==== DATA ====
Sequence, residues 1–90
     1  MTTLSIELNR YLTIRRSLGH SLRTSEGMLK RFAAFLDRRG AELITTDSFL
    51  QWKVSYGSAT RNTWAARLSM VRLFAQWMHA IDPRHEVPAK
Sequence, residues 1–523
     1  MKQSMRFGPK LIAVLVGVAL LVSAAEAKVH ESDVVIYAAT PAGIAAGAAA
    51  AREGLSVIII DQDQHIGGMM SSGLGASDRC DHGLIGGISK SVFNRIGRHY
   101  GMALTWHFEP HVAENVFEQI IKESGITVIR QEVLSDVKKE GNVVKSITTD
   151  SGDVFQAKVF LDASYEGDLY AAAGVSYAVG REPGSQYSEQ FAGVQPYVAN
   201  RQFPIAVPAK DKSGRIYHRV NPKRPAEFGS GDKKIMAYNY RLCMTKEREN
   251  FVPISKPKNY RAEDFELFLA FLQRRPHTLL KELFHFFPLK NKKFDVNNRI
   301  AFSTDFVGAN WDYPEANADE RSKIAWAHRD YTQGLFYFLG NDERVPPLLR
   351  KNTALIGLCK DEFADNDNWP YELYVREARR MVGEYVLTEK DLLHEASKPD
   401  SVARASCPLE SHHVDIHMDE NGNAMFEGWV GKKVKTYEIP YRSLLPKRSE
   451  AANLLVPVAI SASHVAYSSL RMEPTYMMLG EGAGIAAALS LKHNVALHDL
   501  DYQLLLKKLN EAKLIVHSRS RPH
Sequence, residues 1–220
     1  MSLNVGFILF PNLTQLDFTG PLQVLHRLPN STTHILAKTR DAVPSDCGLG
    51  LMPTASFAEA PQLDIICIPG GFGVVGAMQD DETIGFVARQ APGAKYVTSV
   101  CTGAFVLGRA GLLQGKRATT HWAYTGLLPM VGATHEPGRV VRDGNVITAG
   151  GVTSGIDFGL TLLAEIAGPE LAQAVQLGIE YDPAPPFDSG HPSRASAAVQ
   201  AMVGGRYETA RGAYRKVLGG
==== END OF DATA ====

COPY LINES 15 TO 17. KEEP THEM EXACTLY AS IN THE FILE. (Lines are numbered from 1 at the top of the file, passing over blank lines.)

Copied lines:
   501  DYQLLLKKLN EAKLIVHSRS RPH
Sequence, residues 1–220
     1  MSLNVGFILF PNLTQLDFTG PLQVLHRLPN STTHILAKTR DAVPSDCGLG